Days after a Twitter poll asking if he should sell 10% of his Tesla stock, Musk seems to have abided by the results.
The billionaire entrepreneur has reportedly sold about (£3.7 billion) $5 billion in Tesla shares on Wednesday. This amounts to roughly 3% of his Tesla holdings.
The sale comes four days after 57.9% of respondents on Twitter voted ‘Yes’ to him selling 10% of his stake in the electric carmaker.
About 3.6 million shares sold on Wednesday, worth $4 billion, could count towards the 10% he’d promised on Twitter.
Under an arrangement that was already in progress, to acquire nearly 2.2 million shares, an additional $1.1 billion worth of shares were also sold according to filings with the US stock market regulator.
While the additional sale had been scheduled in September, the filings showed that the sale of the remainder 10% of shares had not been scheduled.
The additional share sales are separate and would provide Musk with sizeable reserves of cash, given that he is not paid a salary.
‘I only have stock, thus the only way for me to pay taxes personally is to sell stock,’ he said on his original Twitter thread. Musk’s $281.6 billion fortune is largely tied to stakes in his companies Tesla and SpaceX.
In the two days after Saturday’s poll came out in favour of him selling Tesla shares, the company’s shares tanked 12%. After a multi-day selloff that endangered the company’s $1 trillion status, it recovered 4.3% on Wednesday.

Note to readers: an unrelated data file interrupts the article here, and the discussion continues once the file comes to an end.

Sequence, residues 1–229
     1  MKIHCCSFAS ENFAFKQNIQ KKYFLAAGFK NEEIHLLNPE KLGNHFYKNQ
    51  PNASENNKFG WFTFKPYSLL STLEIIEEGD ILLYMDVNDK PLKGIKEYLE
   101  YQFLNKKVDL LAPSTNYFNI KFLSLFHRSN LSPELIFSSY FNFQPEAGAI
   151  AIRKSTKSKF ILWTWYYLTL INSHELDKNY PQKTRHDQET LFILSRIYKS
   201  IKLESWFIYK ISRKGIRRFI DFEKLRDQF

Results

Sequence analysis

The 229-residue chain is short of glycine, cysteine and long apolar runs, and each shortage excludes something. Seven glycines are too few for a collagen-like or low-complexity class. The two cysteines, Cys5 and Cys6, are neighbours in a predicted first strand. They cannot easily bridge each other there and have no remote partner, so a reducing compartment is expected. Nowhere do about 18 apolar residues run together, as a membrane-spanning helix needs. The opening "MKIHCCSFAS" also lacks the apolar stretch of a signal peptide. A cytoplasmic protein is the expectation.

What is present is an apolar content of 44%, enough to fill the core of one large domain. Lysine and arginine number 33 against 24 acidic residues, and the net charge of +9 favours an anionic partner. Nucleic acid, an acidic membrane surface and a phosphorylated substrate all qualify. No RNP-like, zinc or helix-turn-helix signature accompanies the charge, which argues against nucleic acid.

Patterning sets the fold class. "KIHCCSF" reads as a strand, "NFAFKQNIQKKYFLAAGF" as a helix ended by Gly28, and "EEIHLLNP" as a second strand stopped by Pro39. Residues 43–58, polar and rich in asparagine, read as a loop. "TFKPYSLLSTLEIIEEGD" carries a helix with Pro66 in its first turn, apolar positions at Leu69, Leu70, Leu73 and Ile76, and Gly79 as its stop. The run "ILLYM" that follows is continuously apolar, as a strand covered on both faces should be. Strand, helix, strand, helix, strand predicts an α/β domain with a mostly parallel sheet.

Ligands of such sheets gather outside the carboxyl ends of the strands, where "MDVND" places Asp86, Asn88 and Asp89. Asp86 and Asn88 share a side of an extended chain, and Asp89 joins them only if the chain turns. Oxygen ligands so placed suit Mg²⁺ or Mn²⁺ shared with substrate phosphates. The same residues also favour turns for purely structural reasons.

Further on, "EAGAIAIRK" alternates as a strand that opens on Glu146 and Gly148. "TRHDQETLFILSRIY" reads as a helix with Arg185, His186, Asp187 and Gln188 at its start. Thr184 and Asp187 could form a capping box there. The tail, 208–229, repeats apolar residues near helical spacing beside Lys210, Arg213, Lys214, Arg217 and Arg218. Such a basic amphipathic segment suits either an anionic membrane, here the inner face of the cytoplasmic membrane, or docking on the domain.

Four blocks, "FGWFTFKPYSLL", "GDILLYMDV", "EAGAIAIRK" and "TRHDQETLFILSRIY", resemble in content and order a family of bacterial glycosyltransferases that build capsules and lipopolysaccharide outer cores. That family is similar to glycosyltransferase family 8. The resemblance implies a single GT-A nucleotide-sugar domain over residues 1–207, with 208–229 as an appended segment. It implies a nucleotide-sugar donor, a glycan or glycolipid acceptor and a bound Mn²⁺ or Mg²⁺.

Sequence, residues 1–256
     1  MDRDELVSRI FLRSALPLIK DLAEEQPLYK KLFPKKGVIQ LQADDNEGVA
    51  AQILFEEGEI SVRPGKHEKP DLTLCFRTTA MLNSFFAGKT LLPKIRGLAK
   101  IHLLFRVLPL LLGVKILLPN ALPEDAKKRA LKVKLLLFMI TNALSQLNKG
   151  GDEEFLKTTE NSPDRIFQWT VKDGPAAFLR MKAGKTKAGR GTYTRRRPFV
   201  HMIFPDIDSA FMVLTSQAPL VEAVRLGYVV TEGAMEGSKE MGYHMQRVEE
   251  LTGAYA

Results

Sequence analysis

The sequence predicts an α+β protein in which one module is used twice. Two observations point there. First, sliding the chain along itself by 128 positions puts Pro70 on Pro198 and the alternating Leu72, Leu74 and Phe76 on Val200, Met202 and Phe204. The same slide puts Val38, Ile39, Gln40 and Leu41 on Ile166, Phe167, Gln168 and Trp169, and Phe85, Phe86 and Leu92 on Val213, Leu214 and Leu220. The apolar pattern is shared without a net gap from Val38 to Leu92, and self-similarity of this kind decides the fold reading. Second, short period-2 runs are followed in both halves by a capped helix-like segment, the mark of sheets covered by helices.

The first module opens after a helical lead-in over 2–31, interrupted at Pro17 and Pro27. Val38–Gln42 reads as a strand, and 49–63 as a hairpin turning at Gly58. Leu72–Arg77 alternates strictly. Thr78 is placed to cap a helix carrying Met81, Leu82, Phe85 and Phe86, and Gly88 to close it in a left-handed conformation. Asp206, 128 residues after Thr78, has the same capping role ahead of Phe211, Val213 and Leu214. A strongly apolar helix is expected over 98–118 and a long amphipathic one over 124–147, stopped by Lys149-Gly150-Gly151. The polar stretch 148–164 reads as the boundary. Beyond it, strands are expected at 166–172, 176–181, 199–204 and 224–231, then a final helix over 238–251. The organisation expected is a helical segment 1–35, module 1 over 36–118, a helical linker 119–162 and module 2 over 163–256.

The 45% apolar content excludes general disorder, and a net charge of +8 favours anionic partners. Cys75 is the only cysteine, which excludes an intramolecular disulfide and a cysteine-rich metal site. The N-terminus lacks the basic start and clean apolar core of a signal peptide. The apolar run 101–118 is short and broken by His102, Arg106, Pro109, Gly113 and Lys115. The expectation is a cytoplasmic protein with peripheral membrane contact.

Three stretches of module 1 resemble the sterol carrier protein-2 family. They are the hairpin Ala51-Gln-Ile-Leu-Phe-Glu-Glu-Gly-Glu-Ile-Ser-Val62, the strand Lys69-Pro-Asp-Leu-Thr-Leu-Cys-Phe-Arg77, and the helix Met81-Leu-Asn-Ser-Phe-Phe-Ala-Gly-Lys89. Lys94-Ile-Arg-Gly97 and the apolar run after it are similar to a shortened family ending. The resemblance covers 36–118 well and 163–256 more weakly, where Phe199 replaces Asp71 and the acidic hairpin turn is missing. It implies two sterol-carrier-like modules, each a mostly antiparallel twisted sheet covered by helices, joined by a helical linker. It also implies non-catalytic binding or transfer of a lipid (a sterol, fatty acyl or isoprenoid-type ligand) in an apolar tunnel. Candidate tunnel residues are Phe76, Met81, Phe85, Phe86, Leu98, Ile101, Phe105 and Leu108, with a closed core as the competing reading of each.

Musk’s Twitter poll where the majority said they agreed with him selling his stock, seems to have helped bring down Tesla’s share price before he sold them.
The sales of the option-related shares would have paid for associated taxes but it’s unclear whether it was related to Musk’s Twitter poll.
Musk has more than 20 million further stock options that are due to expire in August 2022.
Exercising stock options trigger income taxes, which are usually settled using money raised from immediately selling some of the newly acquired shares.
The last time the tech mogul sold shares was in 2016 when he last exercised stock options. At the time, shares were also sold to cover an income tax bill close to $600 million.
The 10% stock sale plan would have a slightly negative near term impact according to Mark Arnold, chief investment officer at Hyperion Asset Management in Brisbane where Tesla is the top holding in its global fund.
While Tesla has lost close to $150 billion in market value this week, investors are still buying into it. Roughly 58% of Tesla trade orders on Fidelity’s brokerage website on Wednesday were for purchases, rather than sales.
Tesla’s deal with car rental company Hertz in October sent its value up by more than 51%.
In June, investigative site ProPublica reported that Musk and other moguls, by structuring their pay, built their wealth into the billions while paying almost nothing in federal taxes.
While it’s not illegal, it is how the uber-wealthy get richer and pay minimal taxes, sometimes by taking out loans using their stock holdings as collateral.
Salaried workers in comparison live primarily off their paychecks, which is subject to income tax.